“Paying the Price for Killing a Real Fiduciary Rule”: Risky, High-Commission Investment Schemes Already Being Promoted to Unwary Investors Hit With Major Portfolio Losses; How to Spot and Avoid Four Types of the Worst Investment Situations.
NEW YORK–(BUSINESS WIRE)–With the “Coronavirus Crash” recalling the stock-market pain of the last recession, investors are reeling from portfolio losses, which will leave them vulnerable to the empty promises of unscrupulous brokers peddling extremely risky, high-commission investment schemes, according to a warning issued today by the law firm Peiffer Wolf Carr & Kane (Peiffer Wolf).
Peiffer Wolf managing partner Joseph Peiffer said: “American investors are now going to pay the price for Washington killing a real fiduciary rule that would have helped curb the worst practices of the brokerage industry. The Coronavirus Crash has left millions of Americans, who were hit with major losses, both concerned and confused about what to do next. The tide has gone out, and the investors are the ones who were left standing there naked and exposed. Even more concerning, shady and greedy brokers have several ways to pick the bones of these investors clean.”
- Fixed annuities/variable annuities. Annuities are already being pitched in the wake of the Coronavirus crash as a “sure-fire” way to protect your principal. But for the comfort you get on the downside, you give away much of the upside, since gains may be limited to about 4 percent in a year – no matter how good the recovering market does. Plus, you probably won’t be told that annuities pay out massive commissions – often 7 percent (and sometimes more) on the front end. So, if you are sold a $250,000 annuity, the salesperson gets more than $17,000 upfront. And if you need the money fast? It will be years before you can withdraw funds without a major penalty. Peiffer Wolf has represented hundreds of unsophisticated investors who were improperly sold annuities. Annuities are great deals for insurance companies and commission-driven salespeople but often much less so for the investors left holding the bag.
- Private placements. A sophisticated and largely illiquid investment like a private placement might be seen as a tough sell in the wake of a major market downturn, but the sales pitch that is used is this: “You just saw that the stock market let you down. It’s time to look outside of the market for an investment you can trust.” In reality, private placements are rarely suitable for any but the most sophisticated individual investors with substantial means. The potential for loss is great and the absence of a secondary market as is present with stocks and bonds means the risks are sky high. Peiffer Wolf is currently handling claims involving broker-dealers who sold the private placement securities of GPB, which has failed recently to issue audited financials and also has been described by one former principal as a “Ponzi scheme”.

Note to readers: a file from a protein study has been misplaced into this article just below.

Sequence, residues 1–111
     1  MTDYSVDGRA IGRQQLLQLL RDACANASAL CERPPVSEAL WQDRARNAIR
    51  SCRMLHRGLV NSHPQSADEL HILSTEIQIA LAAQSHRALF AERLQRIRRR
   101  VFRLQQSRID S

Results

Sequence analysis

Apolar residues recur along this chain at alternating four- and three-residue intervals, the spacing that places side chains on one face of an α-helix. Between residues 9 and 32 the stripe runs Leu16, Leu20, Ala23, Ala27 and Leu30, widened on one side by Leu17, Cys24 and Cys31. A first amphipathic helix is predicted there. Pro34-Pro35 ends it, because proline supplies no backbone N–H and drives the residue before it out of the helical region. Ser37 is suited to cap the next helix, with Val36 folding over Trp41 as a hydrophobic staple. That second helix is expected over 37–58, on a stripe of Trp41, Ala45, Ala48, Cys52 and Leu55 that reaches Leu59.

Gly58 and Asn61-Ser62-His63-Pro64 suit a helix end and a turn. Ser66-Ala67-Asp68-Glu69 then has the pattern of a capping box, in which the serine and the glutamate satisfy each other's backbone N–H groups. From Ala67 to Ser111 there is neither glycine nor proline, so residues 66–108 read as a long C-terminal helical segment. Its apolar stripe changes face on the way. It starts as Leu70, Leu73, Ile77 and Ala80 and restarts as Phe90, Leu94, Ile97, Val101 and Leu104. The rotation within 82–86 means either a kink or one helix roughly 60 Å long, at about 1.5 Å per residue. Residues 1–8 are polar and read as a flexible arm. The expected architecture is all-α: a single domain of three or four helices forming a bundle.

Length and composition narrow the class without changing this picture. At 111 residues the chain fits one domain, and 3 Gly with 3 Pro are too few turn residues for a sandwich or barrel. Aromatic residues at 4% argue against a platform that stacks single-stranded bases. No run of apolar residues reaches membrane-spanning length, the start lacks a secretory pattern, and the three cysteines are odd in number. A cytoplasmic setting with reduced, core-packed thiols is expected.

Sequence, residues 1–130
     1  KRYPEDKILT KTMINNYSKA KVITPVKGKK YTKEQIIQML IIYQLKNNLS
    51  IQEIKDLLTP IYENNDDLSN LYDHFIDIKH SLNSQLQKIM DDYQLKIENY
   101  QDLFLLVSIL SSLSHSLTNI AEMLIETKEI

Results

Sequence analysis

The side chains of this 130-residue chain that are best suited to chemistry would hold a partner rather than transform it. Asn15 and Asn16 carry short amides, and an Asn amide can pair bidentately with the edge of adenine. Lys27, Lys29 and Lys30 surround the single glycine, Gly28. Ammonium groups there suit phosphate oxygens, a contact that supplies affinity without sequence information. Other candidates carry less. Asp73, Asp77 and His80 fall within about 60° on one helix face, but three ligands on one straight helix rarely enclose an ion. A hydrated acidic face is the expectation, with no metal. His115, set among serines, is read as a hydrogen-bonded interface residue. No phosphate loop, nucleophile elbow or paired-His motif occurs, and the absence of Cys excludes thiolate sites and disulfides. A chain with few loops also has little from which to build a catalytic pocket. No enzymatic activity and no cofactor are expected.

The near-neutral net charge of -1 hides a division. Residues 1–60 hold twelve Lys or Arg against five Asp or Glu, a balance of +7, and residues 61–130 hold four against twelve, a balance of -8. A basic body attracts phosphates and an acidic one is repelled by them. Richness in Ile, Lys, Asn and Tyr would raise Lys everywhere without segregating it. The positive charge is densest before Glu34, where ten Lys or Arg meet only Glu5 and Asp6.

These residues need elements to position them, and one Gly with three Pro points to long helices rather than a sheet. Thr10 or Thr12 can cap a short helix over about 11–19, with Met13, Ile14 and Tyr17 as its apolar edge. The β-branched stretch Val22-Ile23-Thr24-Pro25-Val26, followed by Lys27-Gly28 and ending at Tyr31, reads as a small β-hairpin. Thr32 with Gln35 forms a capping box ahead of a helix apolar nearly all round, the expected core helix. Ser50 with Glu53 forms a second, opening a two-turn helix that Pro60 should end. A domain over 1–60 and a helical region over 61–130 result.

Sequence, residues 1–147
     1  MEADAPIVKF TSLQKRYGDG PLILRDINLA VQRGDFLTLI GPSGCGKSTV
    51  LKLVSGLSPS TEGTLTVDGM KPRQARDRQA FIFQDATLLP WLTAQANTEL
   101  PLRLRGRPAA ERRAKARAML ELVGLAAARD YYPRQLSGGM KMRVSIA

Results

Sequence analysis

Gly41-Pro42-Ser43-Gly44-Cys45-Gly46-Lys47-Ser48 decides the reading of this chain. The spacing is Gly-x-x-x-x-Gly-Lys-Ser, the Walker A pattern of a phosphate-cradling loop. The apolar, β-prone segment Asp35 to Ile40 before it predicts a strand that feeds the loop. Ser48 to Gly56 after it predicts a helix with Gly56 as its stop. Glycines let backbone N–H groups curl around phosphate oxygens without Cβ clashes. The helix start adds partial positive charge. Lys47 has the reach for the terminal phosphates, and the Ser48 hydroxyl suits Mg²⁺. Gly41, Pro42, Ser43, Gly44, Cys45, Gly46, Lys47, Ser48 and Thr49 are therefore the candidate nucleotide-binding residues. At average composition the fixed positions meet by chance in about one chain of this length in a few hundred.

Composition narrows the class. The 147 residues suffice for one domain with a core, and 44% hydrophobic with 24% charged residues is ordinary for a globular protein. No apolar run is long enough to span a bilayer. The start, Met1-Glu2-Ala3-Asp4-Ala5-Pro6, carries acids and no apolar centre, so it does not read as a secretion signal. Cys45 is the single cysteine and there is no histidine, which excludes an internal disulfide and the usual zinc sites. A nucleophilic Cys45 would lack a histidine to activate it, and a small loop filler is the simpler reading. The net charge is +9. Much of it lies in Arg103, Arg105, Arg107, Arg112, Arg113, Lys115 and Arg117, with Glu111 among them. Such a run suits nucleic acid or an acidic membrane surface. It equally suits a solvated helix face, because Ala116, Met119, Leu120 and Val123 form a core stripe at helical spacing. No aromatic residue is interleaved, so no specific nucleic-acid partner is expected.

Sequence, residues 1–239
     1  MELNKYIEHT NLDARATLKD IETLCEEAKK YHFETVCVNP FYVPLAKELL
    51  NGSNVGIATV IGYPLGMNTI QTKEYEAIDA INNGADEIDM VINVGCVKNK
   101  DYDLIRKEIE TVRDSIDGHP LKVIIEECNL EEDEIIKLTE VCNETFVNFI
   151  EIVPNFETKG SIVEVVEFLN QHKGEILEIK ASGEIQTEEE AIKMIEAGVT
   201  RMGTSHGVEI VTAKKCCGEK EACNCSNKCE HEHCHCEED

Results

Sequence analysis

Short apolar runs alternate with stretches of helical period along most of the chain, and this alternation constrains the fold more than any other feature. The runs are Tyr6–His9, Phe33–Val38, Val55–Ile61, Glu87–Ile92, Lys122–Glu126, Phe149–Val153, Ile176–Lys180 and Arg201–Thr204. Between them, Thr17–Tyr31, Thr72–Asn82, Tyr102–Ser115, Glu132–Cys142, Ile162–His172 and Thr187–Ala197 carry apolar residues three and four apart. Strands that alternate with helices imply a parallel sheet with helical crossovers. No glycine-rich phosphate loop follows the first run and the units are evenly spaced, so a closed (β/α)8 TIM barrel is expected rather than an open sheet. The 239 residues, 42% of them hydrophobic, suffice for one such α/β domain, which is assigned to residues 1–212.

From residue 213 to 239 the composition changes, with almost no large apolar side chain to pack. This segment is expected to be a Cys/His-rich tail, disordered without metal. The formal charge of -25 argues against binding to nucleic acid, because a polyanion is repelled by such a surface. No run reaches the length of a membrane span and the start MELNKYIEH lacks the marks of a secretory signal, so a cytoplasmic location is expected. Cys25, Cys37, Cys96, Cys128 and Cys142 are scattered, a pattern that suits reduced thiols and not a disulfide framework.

- Indexed universal life insurance. Sounds like one of the indexed mutual funds you always hear that you should invest in, right? Not exactly. Complicated, confusing and prone to under delivering, Indexed Universal Life (IUL) policies consist of two components: (1) an annual renewable term life policy that provides the death benefit; and (2) an equity index or group of indexes tied to the stock market. The IUL policyholder is responsible to pay the cost of the insurance, and any premiums paid above the cost of insurance are credited to the equity index. So how can IULs tout “market returns” and guarantee you won’t lose money? The truth is that they can’t overcome the cost of huge commissions, the insurance, fees … and then there are caps and other restrictions on money flowing back to investors. Peiffer Wolf represents a large number of investors around the country who were sold a life insurance retirement strategy that coupled a private placement investment (Future Income Payments) and an IUL policy.
- Abusive broker practices. When the market goes down, investors are not the only ones left hurting. Brokers who rely on sales commissions may be tempted to engage in a range of activities that can go undetected by investors who are less than eagle-eyed. “Churning” involves excessive trading in your account with an eye to generating commission income. Other abuses to keep an eye out for are getting overly leveraged on margin and outright unauthorized trading, where stocks or other investments are bought and sold without your approval.
How would a tough, pro-investor fiduciary rule make a difference?
Joseph Peiffer was a leading voice calling for the adoption of the original fiduciary rule proposed by the U.S. Department of Labor (DOL) and then sidetracked under the Trump Administration. Unlike the status quo and the later “Regulation BI” adopted by the U.S. Securities and Exchange Commission (SEC), the DOL fiduciary rule would have required brokers to act in the best interests of their clients (a fiduciary standard). Under this change, brokerage firms and individual brokers would have found it more difficult to perpetrate the kind of abuses outlined above.
Peiffer Wolf Carr & Kane, APLC is a national law firm with offices in New York, New Orleans, Cleveland, San Francisco, Los Angeles, Austin, and Missouri. https://brokerwatch.com/
Max Karlin, (703) 276-3255 or [email protected]